Tuesday, June 21, 2011

A gated condo with no exit?

                                                    Gates of Hades at Caesarea Philippi

A gated condo with no exit?
            Jasper, the host of the disastrous party, is not a happy man. He finds his life is not turning out the way he wants: being a successful architect does not satisfy him. His guests' reflections on evil echo the tumult in his own mind. His personal life is also in danger; his wife, Marguerite, seems to reject him, and he yearns to recapture their old intimacy. In a last effort to reconnect with his wife, he plans a surprise for her: he has bought a condo in Florida, where he hopes they will find freedom from the distractions of modern life and make up for years of missed opportunities.
            The day after the party Jasper drives to inspect his new condo when he has an accident on the highway. A pair of unlikely  paramedics pick him up and give him a ride to his destination.
            Paradise Point Condominiums looks like in the brochure, but there are several worrisome details. The concierge looks up Jasper's file on his computer and  finds his whole life displayed on the screen. Jasper angrily demands that the private data be deleted, but he is told that the records are undeletable. He asks for a cell phone  and is given a shrink-wrapped, personalized phone with the brand name "Soulphone". When he calls his wife on the Soulphone, he can hear her voice, but she seems to be talking to someone else. When he complains to the concierge, he is told that this is the only brand of phone available, and there is nothing wrong with the phone: what he hears is what the person is thinking.
            Jasper has had enough. He strides down the driveway through the Condo grounds to reach the highway, but he finds his way barred by an eight-foot-high barrier. When he tries to leave through the guardsman's gate, he finds another surprise: the guard's orders are to allow everyone to enter the Condo grounds, but not permit anyone to exit. Jasper tries to get around the rules by using his social charms.

“Hi! I’m Jasper. I’ve just bought a condo here and I want to get to know everybody. What’s your name?”
“Name’s Paul.”
The new guard was a young man with a cocky glint in his eye. Jasper felt hopeful. This man has a mind of his own, he thought.
“Must be dull work for you here. How long till you get off?”
“Oh, I suppose about eight hours,” Paul said. “One tends to lose track of time here.”
Jasper thought he might have a girlfriend. “Do you live here too?”
“Depends what you mean by live. Do you mean do I reside here? Yes I do.”
Another quibbler, Jasper thought. But he pressed on. “Don’t you ever feel tempted just to sneak out?”
Paul laughed without amusement. “I did at first, but I soon realized that it was impossible.”
“Impossible? Why?”
“Well, perhaps not impossible. One day someone might discover a way, but right now no one knows how to crawl back through the wormhole.”
The wormhole! Was he talking about a parallel universe? Whoever brainwashed this guy sure sold him a bill of goods.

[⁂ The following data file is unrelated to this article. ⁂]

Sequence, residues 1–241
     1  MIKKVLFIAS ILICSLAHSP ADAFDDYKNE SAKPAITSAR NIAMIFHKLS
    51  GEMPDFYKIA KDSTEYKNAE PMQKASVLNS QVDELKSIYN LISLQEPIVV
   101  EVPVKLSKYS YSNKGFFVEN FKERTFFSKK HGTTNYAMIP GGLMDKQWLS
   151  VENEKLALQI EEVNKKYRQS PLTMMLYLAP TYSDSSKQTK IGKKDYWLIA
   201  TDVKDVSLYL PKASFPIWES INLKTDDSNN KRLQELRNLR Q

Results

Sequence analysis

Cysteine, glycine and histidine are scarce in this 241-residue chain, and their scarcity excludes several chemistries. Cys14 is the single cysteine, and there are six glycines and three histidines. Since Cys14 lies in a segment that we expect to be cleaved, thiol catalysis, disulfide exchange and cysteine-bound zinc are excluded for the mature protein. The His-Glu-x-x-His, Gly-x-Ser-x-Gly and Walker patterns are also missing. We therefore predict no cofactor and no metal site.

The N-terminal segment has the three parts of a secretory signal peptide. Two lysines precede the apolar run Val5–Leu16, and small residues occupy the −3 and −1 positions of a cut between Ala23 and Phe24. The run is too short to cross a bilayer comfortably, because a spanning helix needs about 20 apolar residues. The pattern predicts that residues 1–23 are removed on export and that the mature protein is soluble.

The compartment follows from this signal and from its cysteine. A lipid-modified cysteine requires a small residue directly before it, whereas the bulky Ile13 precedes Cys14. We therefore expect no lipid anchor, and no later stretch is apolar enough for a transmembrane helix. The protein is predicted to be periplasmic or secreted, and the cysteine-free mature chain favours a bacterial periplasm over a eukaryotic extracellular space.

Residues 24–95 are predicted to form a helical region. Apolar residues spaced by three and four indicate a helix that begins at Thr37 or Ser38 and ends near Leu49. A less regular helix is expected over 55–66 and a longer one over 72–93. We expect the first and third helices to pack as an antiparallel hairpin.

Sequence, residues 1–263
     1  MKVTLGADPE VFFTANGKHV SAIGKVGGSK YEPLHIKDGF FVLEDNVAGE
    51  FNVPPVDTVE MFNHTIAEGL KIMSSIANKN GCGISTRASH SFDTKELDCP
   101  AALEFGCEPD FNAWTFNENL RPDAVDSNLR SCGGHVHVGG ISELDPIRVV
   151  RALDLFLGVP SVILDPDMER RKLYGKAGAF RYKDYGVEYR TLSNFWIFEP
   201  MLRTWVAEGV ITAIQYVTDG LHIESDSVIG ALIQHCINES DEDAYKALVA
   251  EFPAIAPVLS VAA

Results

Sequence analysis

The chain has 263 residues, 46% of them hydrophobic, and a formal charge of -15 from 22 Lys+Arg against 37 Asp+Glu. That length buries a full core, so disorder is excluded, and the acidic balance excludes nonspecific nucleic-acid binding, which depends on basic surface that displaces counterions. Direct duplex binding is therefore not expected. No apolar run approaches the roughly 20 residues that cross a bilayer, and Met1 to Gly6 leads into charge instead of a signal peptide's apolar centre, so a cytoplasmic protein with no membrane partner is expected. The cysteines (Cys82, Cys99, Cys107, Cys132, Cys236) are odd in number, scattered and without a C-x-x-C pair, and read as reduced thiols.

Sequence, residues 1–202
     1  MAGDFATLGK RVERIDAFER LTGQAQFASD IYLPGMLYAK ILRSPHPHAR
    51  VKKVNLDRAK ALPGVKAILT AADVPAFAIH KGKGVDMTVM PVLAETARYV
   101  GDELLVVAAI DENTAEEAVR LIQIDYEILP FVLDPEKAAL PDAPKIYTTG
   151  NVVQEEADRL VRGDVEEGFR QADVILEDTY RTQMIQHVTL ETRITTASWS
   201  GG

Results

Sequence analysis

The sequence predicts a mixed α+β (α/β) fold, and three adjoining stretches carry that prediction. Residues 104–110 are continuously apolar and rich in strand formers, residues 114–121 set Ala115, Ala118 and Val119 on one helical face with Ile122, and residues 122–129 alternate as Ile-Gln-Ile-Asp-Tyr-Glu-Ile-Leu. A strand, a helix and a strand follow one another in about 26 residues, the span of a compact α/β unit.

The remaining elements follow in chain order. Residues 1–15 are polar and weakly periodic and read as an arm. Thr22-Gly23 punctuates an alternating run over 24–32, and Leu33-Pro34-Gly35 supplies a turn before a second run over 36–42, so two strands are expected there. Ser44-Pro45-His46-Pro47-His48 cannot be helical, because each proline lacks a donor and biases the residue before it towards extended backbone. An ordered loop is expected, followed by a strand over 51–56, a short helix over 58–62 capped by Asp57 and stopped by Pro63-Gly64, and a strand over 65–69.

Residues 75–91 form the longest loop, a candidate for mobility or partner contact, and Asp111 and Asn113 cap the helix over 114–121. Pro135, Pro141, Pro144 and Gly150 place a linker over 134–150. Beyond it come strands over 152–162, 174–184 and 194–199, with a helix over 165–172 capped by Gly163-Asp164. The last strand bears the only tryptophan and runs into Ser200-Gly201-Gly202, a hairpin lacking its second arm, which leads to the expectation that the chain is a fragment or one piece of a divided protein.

Paul was in a talkative mood. “I guess the only way to get away from here is to go in for the treatment. But you’re not going to catch me falling for that nonsense.”
“Treatment? What treatment?”
“I don’t know exactly what’s involved,” Paul said. “Everyone I talk to tells me something different. But anyway, it seems to be no picnic. And who knows if the whole procedure is worth it. I think I’d rather hang on to my job here and carry on as usual. What is it they say, ‘A bird in the hand is worth two in the bush.’”?
“So, the treatment is not mandatory?”
“Nothing is mandatory here.”
Jasper saw his chance. “If nothing is mandatory, why do they have a guard at the gate? Why can’t I take a walk out there on the highway?” He thought Paul could handle a joke. “I think I’ll just step outside if you don’t mind.”
“You can try,” Paul said, “but I don’t recommend it.”
“All right then, I will,” Jasper said, and he started walking toward the entrance barrier. He was amazed to see the barrier lift, clearing the way for him, but as he got nearer, he felt as if he had heavy weights on his legs. He struggled to drag his feet toward the highway outside. With a sheer effort of the will he pushed himself on.
“I’m almost there,” he told himself. But then he suddenly lost control. He felt his heart pumping and his blood surge through his veins. His ears were engulfed with the noise of beating rain and screeching tires, and then the explosion of a final crash—an explosion that did not stop.
He felt someone pulling him back. The confusion subsided, and he found himself in the calm of the Condo grounds. Paul released him. “See what I mean? If you pass the barrier, you relive the moment of your death forever.”
Jasper looked at Paul and his spirits sank. I am landed in a lunatic asylum. This guy really believes what he says. Now if I could just figure out where they keep the controls for this invisible fence for humans. The architect in him could not help admiring the technology.
He was too shaken by the experience to continue the conversation. I’ll try again tomorrow, he vowed. 

[Excerpt from The Condo, or...Life, A Sequel by Dalma Takacs]


  1. I hope to hear from you at Anonymous.

  2. I like your blog

  3. You question if evil is necessary, well I think the computers are evil sometimes, but they are necessary. Maybe we become better people by over coming evil. I hope the computer will let me post this comment.

  4. I THINK WE OVERCAME THE "EVIL" IN THE COMMENT SYSTEM. I think you are right about the beneficial results of overcoming evil. But what about the people who commit the evil deeds? What do they get out of it?